The Middle Way and dialectic
Dialectic is the process by which opposed or polarised ideas can be unified. The elements of truth in each can be incorporated into a fuller understanding which goes beyond the limitations of either of the previously opposed positions. This is often described as the process by which a thesis and antithesis become a synthesis. In order to reach a synthesis, whatever limitations created the appearance of opposition between thesis and antithesis need to be abandoned and transcended.
The process of using the Middle Way to reach improved understanding is a dialectical one. Two opposed metaphysical views, one positive and the other negative, create a conflict in which the only solution appears to be to choose one side or the other. However, this conflict is created by the limited metaphysical terms in which the opposition is framed, and a questioning of those metaphysical assumptions can dissolve the opposition. As I have described in relation to philosophical problems, a fuller and more accurate view of the issue leads one to understand it in terms of the incrementality of experience rather than the fixed polarity of metaphysics. This fuller and more accurate view can be described as a synthesis which resolves the earlier conflict. For example, the apparently irresolvable contradiction between freewill and determinism can resolved through the synthesis of thinking in experienced incremental qualities: that of degrees of conditioning in the objects we perceive, and degrees of integration in our ways of perceiving them (See thesis 6.a.v for more details on this).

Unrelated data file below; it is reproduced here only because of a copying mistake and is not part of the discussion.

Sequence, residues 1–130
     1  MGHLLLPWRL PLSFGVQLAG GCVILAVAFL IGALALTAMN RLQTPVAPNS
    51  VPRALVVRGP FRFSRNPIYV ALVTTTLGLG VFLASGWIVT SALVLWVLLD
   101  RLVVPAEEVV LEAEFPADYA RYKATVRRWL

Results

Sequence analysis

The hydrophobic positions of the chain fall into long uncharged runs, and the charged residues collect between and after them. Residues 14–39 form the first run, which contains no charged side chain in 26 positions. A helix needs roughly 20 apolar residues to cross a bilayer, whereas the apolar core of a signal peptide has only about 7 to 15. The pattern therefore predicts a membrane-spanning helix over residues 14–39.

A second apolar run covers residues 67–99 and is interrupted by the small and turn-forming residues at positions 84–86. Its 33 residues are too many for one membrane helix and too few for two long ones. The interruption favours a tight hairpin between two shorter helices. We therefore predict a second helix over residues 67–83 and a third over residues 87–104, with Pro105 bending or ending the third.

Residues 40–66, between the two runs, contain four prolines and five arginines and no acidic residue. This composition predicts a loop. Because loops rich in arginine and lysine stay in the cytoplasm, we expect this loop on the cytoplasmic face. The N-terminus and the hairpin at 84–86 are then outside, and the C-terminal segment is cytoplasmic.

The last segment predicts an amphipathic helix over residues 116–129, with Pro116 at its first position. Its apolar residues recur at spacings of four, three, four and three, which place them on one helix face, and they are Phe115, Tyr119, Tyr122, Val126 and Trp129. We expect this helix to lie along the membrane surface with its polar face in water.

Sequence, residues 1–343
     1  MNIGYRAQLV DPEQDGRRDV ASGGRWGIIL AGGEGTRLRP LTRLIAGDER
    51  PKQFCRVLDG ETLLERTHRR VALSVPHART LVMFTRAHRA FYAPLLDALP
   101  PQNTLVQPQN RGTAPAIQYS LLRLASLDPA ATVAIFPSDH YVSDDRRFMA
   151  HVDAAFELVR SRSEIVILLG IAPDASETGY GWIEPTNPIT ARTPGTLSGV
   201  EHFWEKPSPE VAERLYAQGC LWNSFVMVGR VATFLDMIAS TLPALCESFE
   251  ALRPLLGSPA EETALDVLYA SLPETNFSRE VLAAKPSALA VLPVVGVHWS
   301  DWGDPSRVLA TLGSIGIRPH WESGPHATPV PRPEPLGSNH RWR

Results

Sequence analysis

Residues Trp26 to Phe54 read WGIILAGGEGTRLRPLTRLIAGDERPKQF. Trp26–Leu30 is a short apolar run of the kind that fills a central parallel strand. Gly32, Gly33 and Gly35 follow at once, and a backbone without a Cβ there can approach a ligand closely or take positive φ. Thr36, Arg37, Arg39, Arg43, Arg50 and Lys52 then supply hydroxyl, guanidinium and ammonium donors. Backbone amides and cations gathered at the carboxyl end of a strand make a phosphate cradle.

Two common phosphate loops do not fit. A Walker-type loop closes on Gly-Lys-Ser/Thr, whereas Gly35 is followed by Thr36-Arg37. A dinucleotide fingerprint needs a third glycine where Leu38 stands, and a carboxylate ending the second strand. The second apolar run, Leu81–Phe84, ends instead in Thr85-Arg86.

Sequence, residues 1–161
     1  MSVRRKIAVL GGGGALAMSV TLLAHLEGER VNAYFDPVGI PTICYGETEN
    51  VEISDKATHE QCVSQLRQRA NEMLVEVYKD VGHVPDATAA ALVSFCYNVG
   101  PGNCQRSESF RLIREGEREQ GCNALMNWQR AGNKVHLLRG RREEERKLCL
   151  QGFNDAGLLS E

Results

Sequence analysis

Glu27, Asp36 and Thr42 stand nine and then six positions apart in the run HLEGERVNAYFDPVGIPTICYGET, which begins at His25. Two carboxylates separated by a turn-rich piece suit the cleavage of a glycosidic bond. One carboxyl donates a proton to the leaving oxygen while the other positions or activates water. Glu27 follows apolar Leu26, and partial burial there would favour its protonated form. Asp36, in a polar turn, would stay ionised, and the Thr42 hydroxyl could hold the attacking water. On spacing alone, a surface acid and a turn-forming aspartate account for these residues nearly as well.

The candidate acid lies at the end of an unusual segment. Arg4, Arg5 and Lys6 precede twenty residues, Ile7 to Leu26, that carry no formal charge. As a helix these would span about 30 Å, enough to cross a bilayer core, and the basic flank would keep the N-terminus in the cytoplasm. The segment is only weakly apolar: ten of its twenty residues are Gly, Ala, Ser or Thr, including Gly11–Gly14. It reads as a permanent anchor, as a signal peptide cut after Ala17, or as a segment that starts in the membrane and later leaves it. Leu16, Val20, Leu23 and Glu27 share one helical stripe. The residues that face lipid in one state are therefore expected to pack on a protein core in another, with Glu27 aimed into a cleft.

However, a careful distinction needs to be made in any identification of the Middle Way with a dialectical process. That is the distinction between a historical dialectic as used by Hegel and Marx, and an epistemological dialectic as used by Popper. Historical dialectic rests on the dogmatic assumption of an inevitable process running through history, whereby conflicting forces will inevitably be resolved. The Middle Way could never support historical dialectic, because historical dialectic is based on metaphysical assumptions that the Middle Way by definition avoids. Epistemological dialectic, on the other hand, is simply a mode of investigation whereby a more objective theory is arrived at through the adoption of the strengths and abandonment of the limitations of preceding theories. The Middle Way is an epistemological dialectic, because it can be used by any individual or group investigating the world who are seeking a more objective account of it, less limited by the delusions constraining earlier accounts. It is a tool of investigation rather than a claim about the universe, and thus it is important to distinguish it from the inflated claims about dialectic made by Hegel, Marx, and their followers.
Links to further discussion
Section on Hegel in thesis
Section on Marx in thesis
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